How to relieve my dogs stress
Stress is a commonly used word that describes feelings of strain or pressure. The causes of stress are exceedingly varied. Perhaps you are stressed out by your job, you become nervous when meeting new people, or you get anxious when your daily routine is disrupted.
To reduce stress levels, you may seek comfort in several ways. Maybe you find solace in the company of a trusted friend. Perhaps you relieve stress when occupied by routine chores like cleaning the house. Or maybe you blow off some steam with physical exercise.
“Our dogs can become stressed too.”
Our dogs can become stressed too. Since we know how stress makes us feel, we certainly want to help alleviate our pet’s stress as well. However, our dogs do not voice their feelings, slam down the phone, or have a tantrum, so how can we tell they are stressed? The signs of anxiety in dogs are often subtle. In fact, some stress-related behaviors mimic normal behaviors.
What are some of the indicators of stress in dogs?
Pacing or shaking. You have seen your dog shake after a bath or a roll in the grass. That whole body shake can be amusing and is quite normal…unless it is occurring as the result of a stressful situation. For example, dogs are commonly stressed when visiting the veterinarian. Many dogs “shake it off” when they descend from the exam table and touch down on the ground. Dogs, like people, also pace when agitated. Some dogs walk a repeated path around the exam room while waiting for the veterinarian to come in.
Whining or barking. Vocalization is normal self-expression in dogs but may be intensified when they are under stress. Dogs that are afraid or tense may whine or bark to get your attention, or to self soothe.
Yawning, drooling, and licking. Dogs yawn when they are tired or bored, they also yawn when stressed. A stressful yawn is more prolonged and intense than a sleepy yawn. Dogs may also drool and lick excessively when nervous.
Changes in eyes and ears. Stressed dogs, like stressed people, may have dilated pupils and blink rapidly. They may open their eyes really wide and show more sclera (white) than usual, giving them a startled appearance. Ears that are usually relaxed or alert are pinned back against the head.
Changes in body posture. Dogs normally bear even weight on all four legs. If a healthy dog with no orthopedic problems shifts his weight to his rear legs or cowers, he may be exhibiting stress. When scared, dogs may also tuck their tails or become quite rigid.
Shedding. Show dogs that become nervous in the show ring often “blow their coat”. Dogs also shed a lot when in the veterinary clinic. Although less noticeable in outside settings, such as visiting a new dog park, shedding increases when a dog is anxious.
Panting. Dogs pant when hot, excited, or stressed. If your dog is panting even though he has not exercised, he may be experiencing stress.
Changes in bodily functions. Like people, nervous dogs can feel a sudden urge to go to the bathroom. When your dog urinates shortly after meeting a new canine friend, he may be marking territory and reacting to the strain simultaneously. Refusal of food and loss of bowel function are also stress indicators.
Avoidance or displacement behavior. When faced with an unwelcome situation, dogs may “escape” by focusing on something else. They may sniff the ground, lick their genitals, or simply turn away. Ignoring someone may not be polite, but it is surely better than being aggressive. If your dog avoids interaction with other dogs or people, do not force the issue. Respect his choice.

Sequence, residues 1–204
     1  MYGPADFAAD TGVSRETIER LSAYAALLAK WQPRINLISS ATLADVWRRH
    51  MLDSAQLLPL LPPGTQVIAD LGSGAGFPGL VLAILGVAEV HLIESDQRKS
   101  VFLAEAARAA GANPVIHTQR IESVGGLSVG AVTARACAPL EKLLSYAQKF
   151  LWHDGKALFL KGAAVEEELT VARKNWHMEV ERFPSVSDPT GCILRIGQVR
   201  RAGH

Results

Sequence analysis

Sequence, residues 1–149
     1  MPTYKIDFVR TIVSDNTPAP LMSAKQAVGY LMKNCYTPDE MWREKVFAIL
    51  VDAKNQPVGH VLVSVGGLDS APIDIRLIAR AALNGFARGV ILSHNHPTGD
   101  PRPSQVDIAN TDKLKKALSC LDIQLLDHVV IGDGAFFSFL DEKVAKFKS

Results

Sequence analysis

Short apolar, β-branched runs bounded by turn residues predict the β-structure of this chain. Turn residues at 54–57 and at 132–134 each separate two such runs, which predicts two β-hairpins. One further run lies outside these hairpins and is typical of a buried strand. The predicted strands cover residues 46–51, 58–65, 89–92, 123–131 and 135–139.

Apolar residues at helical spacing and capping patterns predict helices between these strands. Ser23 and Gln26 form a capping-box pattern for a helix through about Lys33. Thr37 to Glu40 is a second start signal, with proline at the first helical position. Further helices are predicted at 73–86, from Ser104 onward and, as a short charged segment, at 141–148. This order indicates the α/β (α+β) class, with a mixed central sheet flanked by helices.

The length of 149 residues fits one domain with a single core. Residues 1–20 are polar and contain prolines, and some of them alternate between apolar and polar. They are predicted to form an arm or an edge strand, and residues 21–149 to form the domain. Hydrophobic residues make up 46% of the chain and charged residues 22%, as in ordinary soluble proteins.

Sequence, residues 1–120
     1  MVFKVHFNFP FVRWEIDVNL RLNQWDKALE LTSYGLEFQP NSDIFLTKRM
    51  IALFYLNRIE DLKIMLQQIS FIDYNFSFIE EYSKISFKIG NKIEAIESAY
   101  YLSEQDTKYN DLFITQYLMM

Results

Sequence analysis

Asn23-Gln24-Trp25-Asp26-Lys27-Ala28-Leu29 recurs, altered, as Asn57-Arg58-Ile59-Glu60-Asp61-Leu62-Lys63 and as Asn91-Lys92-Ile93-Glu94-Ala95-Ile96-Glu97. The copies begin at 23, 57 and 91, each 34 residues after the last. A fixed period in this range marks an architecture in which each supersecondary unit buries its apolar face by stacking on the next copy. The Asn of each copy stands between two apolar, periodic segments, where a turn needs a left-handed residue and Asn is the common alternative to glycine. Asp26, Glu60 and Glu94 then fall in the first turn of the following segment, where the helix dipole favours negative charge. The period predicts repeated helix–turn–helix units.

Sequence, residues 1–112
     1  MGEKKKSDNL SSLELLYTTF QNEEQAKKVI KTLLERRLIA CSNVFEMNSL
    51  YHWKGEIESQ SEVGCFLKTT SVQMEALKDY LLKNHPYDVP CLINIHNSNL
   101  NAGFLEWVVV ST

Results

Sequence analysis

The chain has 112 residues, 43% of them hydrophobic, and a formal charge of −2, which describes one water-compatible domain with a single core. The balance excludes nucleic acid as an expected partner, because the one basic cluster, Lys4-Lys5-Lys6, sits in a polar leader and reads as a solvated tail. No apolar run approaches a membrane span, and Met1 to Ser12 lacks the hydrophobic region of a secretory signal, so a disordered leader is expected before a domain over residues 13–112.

Hiding or escape behavior. An extension of avoidance, some tense dogs literally move behind their owners to hide. They may even nudge their owners to prompt them to move along. As a means of escape, they may engage in diversion activities such as digging or circling or may slink behind a tree or parked car.
How can I help my dog handle stressful situations?
In order to differentiate stress signs from normal behavior, you must be familiar with your dog’s regular demeanor. Then you can tell if he is licking his lips because he is anxious or because he wants a treat.
When relaxed, he will have semi-erect or forward-facing ears, a soft mouth, and round eyes. He will distribute his weight evenly on all four paws. Distinguishing normal behavior from stress signs will help you quickly and effectively diffuse an uncomfortable situation.
“If your dog is stressed, first remove him from the stressor.”
If your dog is stressed, first remove him from the stressor. Find a quiet place for him to regroup. Resist the urge to overly comfort him. If you want to pamper him with petting or treats, make him earn them first by performing an activity (e.g., sitting). Responding to routine commands distracts the dog and provides a sense of normalcy. It is amazing how comforting sit, down, and heel can be to a worried dog.
If your dog becomes consistently stressed, see your veterinarian. After ensuring that your dog’s behavior does not have a medical basis, your veterinarian may refer you to a trainer or veterinary behaviorist to evaluate stress-related issues. They may also prescribe anxiety-reducing medications if appropriate.
As with humans, exercise can be a great stress reducer. Physical activities like walking or playing fetch help both you and your dog release tension. It is also good to provide your dog with a safe place in the home where he can escape anxious situations. Everybody enjoys a calm place to retreat.
And, finally, remember that stress is not always bad. Fear is a stress-related emotion that prompts us to avoid potentially dangerous situations. So, stress may actually be a protector. Regardless, stress is part of everyday life for us and our dogs, so we should learn how best to deal with it.
Anxiety is not only a common trait in humans, but animals can also suffer as well. Many of the dogs in our care have anxiety — which usually stems from being abandoned by their owners and the shelter environment in general.
Just like with other unhealthy behaviors — biting, barking, chewing on everything in sight — anxiety can be treated. Anxiety can be totally cured, but sometimes it can only be managed; noticeable under certain circumstances.
If you have a dog that suffers from anxiety, this post is a must-read. We’ll outline several proven methods for supporting your anxious dog and promoting a happy healthy life.
So let’s take a look at what can cause your dog’s anxiety and the most common proven ways to calm your anxious dog.
Anxiety in Dogs
Anxiety can manifest itself in multiple ways, from whining and barking to shivering and whimpering. You may also find that your dog becomes destructive or hostile when anxious. Over time, they may lose their appetite and become completely withdrawn if the anxiety is not addressed.